I think M222 probably came from the Isles too. Jean M had the hypothesis they might be La Tiene and hence possibly from Germany. That is a possibility. My own thought is that the M222 launched into Ireland from Western Britain, not necessarily Scotland. I  think that because some of the DF23+ M222- clusters that have a Welsh affinity.

Last time I checked, diversity for M222 was higher in England as well, but the differences between geographies are fairly insignificant so I don't know that STR diversity is that helpful on this.
« Last Edit: July 30, 2012, 10:44:55 AM by Mikewww » Logged

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Jean M
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« Reply #10 on: July 30, 2012, 10:58:02 AM »

I think M222 probably came from the Isles too. Jean M had the hypothesis they might be La Tene and hence possibly from Germany.

Nothing to do with Germany. Let's distinguish between:

1. The entry of La Tène Culture (450 BC +) into Britain from northern France.  

2. The later movement of La Tène culture from northern Britain to Northern Ireland round 200 BC.

All I'm saying is that I suspect M222 arose among Celts in Britain, and was transported from there into Northern Ireland with La Tène, not that M222 arose in the Continental heartland of La Tène.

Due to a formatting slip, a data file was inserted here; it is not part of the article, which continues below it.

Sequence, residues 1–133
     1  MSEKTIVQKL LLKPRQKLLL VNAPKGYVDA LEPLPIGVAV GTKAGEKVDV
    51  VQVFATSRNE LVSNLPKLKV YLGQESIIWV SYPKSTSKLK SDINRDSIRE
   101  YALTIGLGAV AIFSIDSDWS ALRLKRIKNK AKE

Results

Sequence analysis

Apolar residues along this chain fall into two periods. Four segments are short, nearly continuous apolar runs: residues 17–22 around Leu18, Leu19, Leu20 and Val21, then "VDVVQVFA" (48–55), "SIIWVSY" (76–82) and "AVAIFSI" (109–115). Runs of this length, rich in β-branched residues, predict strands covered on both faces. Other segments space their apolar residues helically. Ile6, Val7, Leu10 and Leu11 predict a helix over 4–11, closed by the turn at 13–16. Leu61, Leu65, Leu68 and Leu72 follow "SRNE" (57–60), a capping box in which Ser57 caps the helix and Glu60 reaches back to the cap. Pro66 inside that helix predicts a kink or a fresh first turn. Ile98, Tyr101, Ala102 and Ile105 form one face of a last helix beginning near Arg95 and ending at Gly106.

I wouldn't rule out M222 also among later arrivals in Ireland. That's one of the big problems with this game. The very same haplogroup could arrive at a lot of different times.

« Last Edit: July 30, 2012, 11:08:26 AM by Jean M » Logged
sernam
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« Reply #11 on: July 30, 2012, 11:07:57 AM »

Did most M222 in Ireland arrive with Gallowglass from Scotland?

Not likely seeing as most Gallowglass families were noblemen from the western isles & a significant number most likely, of ultimately Scandinavian paternity.
Donnegal and Connacht were two regions ripe with Scotish Gallowglass.
For Connacht (& elsewhere), most of the gallowglass were of hebridian ancestry (see above) & while some are likely to have been M222, it seems unlikely most were or were responsible for spreading it to large groups of other surnames.

In Donegal, the Sweeney’s were traditionally said to be of O’Neill (thus Ui Niall so possibly significantly M222) ancestry. They got tossed out of CastleSween & Knapdale in Argyll, Scotland & were given land in the Fanad peninsula, they eventually spread to become 3 distinct septs there (business was good) , becoming by 1921 number 6 in most common names of Donegal (they also spread to the area of Muskerry in Cork & are numerous there in SW Ireland also) but to try to suggest the Sweeneys are the reason why so many Gallagher’s, Boyles, doughertys, O’Donnell’s, Cannons, & other related names are M222 seems a bit absurd.